While the UN devotes its human rights operations to the demonization of the democratic state of Israel above all others and condemns the United States more often than the vast majority of non-democracies around the world, the voices of real victims around the world must be heard.
The Sunni kingdom of Saudi Arabia, a member of the United Nations Human Rights Council, is expected to decapitate a disabled 23-year-old man who was sentenced to death for participating in anti-government protests in the predominantly Shiite eastern part of the country.
Munir al-Adam is awaiting his execution after being sentenced for "attacks on police," among other crimes, which prosecutors claim he partook in during a series of protests in 2011, reports the Independent.
Adam, who is appealing his sentence, was reportedly arrested in February 2012 when he was 18 years old and accused of taking part in protests in his Shiite-majority hometown of Qatif the previous year.
"There are regular protests in the [Qatif] area against the Saudi government," notes the Independent.
"The 23-year-old is partially blind and was already partially deaf at the time of arrest; he alleges he is now completely deaf in one ear as a result of being severely beaten by police," it adds.
In a statement, his family rejects the verdict and claims Adam was tortured into confessing to the alleged crimes, reports the Times.
The Independent cites Adam as indicating that "he had only signed a document admitting the offenses after being repeatedly beaten."
Adam reportedly noted that the had been accused of "sending texts" when he was too poor to own a cell phone.
"Munir Adam's appalling case illustrates how the Saudi authorities are all too happy to subject the most vulnerable people to the swordsman's blade," declared Maya Foa, of human rights organization Reprieve. "Saudi Arabia's close allies, including the UK, must urge the kingdom to release Munir, along with juveniles and others who were sentenced to death for protesting."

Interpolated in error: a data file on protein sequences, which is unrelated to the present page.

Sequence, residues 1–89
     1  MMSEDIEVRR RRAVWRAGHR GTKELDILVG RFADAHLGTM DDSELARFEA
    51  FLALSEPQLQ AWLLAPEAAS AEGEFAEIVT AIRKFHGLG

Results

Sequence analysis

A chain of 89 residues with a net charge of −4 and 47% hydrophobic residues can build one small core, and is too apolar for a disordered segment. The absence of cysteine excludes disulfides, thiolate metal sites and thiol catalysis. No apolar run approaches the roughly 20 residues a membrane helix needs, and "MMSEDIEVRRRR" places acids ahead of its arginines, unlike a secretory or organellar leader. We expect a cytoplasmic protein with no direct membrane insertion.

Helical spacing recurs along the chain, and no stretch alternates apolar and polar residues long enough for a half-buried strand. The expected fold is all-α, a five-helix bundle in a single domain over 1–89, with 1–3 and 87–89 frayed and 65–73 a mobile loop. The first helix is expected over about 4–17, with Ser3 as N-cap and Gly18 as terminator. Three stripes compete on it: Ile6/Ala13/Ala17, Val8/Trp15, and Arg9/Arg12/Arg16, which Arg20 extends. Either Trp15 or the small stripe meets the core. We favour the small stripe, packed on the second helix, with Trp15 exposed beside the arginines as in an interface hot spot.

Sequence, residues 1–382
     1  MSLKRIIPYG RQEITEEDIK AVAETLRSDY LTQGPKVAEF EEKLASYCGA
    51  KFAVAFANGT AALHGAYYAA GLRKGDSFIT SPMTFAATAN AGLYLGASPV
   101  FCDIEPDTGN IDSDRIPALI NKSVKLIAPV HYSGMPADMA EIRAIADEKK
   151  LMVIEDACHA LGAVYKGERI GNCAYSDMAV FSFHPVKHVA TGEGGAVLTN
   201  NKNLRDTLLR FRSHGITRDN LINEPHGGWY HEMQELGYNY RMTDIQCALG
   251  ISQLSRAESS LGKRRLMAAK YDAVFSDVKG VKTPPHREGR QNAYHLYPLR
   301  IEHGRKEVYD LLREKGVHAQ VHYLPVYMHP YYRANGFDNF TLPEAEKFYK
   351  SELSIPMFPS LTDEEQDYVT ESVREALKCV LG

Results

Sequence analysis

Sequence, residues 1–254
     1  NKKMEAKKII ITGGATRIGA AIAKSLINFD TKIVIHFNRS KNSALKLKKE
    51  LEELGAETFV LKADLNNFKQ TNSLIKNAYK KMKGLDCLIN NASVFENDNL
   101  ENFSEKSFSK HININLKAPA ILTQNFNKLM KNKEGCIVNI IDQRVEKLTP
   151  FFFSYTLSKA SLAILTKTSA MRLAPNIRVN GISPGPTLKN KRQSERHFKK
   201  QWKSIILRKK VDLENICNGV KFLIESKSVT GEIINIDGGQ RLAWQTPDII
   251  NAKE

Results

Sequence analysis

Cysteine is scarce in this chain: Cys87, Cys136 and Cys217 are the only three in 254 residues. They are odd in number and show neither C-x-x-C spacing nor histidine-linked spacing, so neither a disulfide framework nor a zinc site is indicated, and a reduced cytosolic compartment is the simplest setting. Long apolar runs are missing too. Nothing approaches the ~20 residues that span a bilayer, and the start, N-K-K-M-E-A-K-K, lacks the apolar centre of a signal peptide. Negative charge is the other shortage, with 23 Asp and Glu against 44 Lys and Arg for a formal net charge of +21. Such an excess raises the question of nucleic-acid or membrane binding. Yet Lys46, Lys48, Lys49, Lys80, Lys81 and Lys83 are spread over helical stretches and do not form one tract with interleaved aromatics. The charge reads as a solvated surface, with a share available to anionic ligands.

As of mid-October, Saudi Arabia had executed 134 people this year, most of them by public beheading, according to a tally by Agence France-Presse (AFP) and Human Rights Watch.
"Most people executed in Saudi Arabia are convicted for murder and drug trafficking, although nearly 50 people convicted of terrorism offences were put to death on a single day in January, among them the prominent [Shiite] cleric Sheikh Nimr al-Nimr," noted the BBC.
The Saudi kingdom had reportedly been on track to exceed its 2015 execution total.
The Independent adds:
Saudi Arabia is one of the world's most prolific executioners. Research last year by human rights organization Reprieve found that, of those identified as facing execution in Saudi Arabia, some 72 per cent were sentenced to death for non-violent alleged crimes, while torture and forced confessions were common.
The traditionally close relationship between Saudi Arabia and Britain has become strained in the past year as people in the West have protested against the use of the death penalty, including against minors. Protests also erupted across the Middle East in January.
Saudi Arabia is also a U.S. ally.
Sara Hashah, a spokesperson for Amnesty International's Middle East and North Africa branch, has revealed that Saudi Arabia, Pakistan, and Iran are responsible for 90 percent of all the executions across the world.
"In Saudi Arabia, where people are routinely sentenced to death after grossly unfair trials, we have seen a dramatic surge in the number of executions in the past two years which has shown no sign of abating in 2016," she told the Independent in July.
"This clearly demonstrates that Saudi Arabia's authorities are increasingly out of step with a global trend of states moving away from the death penalty," also said Hashah, adding, "Saudi Arabia's authorities must end their reliance on this cruel, inhuman and degrading form of punishment immediately."